Photo contests can be a great way to get your work noticed. Once we pick up a camera and start posting images to social media, invariably people will comment that we should enter some photo contests. More often than not, a comment like that feeds our “self-attention” gene to the point that we may ignore or miss some minor, but crucial details about a photography contest rules.
The goal behind this article is to educate you, the reader, on what you might see with photo contests. There are all kinds, from the local county fair to international level contests that have very stringent rules and requirements. My experience covers that gamut to a point, and I will cover what I have seen over the years.
The County Fair
This county fair might be the most basic, most familiar photo contest, with which many of us are familiar. The only cost to contestants usually is the price of prints and the time to take those prints to the fair.
The local fair can be an excellent place to get your feet wet. Each fair’s rules may differ from the one down the road in the next county over. A volunteer or several usually run the photography division. The volunteers can be responsible for creating and refining rules, assisting people that are entering, judging or choosing the judge, and staffing the exhibit during fair week.
The division can be broken up into AMATEUR and PROFESSIONAL sections. The sections will have categories such as landscape, portrait, weddings, and others. These categories will depend on the people running the exhibit. There will also be rules regarding mounting, print size, and in some cases, post-processing.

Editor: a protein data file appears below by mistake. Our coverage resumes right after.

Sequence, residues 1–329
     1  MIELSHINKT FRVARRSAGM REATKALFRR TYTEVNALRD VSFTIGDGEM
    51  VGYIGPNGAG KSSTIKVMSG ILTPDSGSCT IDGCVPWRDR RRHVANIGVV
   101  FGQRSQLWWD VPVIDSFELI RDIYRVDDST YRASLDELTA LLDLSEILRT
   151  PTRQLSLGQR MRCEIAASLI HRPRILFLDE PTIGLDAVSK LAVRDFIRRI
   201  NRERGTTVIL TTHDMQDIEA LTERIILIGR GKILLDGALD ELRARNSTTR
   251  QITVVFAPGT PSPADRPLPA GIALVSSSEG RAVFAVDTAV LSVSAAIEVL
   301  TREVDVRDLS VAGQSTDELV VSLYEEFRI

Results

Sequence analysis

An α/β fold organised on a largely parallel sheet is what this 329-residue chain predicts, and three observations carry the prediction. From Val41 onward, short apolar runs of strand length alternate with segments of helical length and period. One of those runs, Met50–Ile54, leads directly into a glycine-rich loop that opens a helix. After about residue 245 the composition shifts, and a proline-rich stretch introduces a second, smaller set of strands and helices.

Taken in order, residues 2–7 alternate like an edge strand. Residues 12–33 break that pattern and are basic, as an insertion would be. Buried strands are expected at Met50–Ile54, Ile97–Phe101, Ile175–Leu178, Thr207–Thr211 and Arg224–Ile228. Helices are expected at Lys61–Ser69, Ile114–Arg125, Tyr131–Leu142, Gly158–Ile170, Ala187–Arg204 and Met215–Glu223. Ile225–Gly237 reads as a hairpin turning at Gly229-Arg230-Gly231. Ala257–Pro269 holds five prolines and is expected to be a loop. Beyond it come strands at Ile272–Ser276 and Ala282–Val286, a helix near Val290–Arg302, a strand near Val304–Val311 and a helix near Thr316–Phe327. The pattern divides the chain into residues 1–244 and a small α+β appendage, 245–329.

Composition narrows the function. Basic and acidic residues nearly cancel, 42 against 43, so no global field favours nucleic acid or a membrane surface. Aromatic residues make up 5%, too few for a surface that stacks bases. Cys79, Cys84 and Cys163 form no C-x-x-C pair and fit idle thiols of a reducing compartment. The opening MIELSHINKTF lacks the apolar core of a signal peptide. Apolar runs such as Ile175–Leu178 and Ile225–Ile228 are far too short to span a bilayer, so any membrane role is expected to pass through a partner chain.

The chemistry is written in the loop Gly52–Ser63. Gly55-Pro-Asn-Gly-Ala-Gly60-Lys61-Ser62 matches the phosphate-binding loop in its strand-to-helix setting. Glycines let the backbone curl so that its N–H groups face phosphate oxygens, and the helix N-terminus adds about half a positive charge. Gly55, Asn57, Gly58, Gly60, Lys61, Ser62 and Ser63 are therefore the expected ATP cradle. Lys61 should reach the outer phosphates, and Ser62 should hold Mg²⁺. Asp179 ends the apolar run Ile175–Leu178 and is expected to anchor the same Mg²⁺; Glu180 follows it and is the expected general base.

Education at the Fair
In my mind, the county fair is an excellent place to start. When it comes to judging, it is just like photography and can be really subjective, depending on the judge. The better judges might give feedback, and you might be able to develop a sense of what they look for in an image. The thing though is the judging can be inconsistent from year to year because judges change.
I was able to do it two years in a row. Both years, I had another judge to work with, which I think is the best way to go. We could bounce thoughts off each other. Even though I worked with different people in
Our criteria were simple. We looked at:
- The basics such as composition, exposure, horizon, correct category
- Emotional connection
- Unethical or unsafe practices such as photography on railroad tracks
Sometimes, we would flip the first two, depending on the number of entries in the category. I have seen other judges do this also. Practices such as portrait images using railroad tracks though, both years were automatic disqualifiers, as was entering an image in the wrong category.
For me, one of my biggest things when the judging was giving feedback to the entrants. If the image were DQ’ed, I would leave a note with the image explaining why. I would also leave feedback for those images that knocked my socks off.
Company Photography Contests
If you step up from entering the county fair and decide to enter a photography contest sponsored by a company, READ THE FINE PRINT!
Just like the county fair, photo contests sponsored by a company will usually have a set of rules. Depending on the company, these rules can reflect the lack of knowledge of the people in charge of it. More importantly, though, you want to read further into the contest rules.
The company photo contests will usually have in the rules-language similar to this:
“By entering Acme Communications’ annual photo contest, you agree to allow Acme Communications to utilize your image in any way we see fit, be it commercial, print, social media, etc.”
In the vast majority of these contests, the term “rights grab” can correctly describe what these are.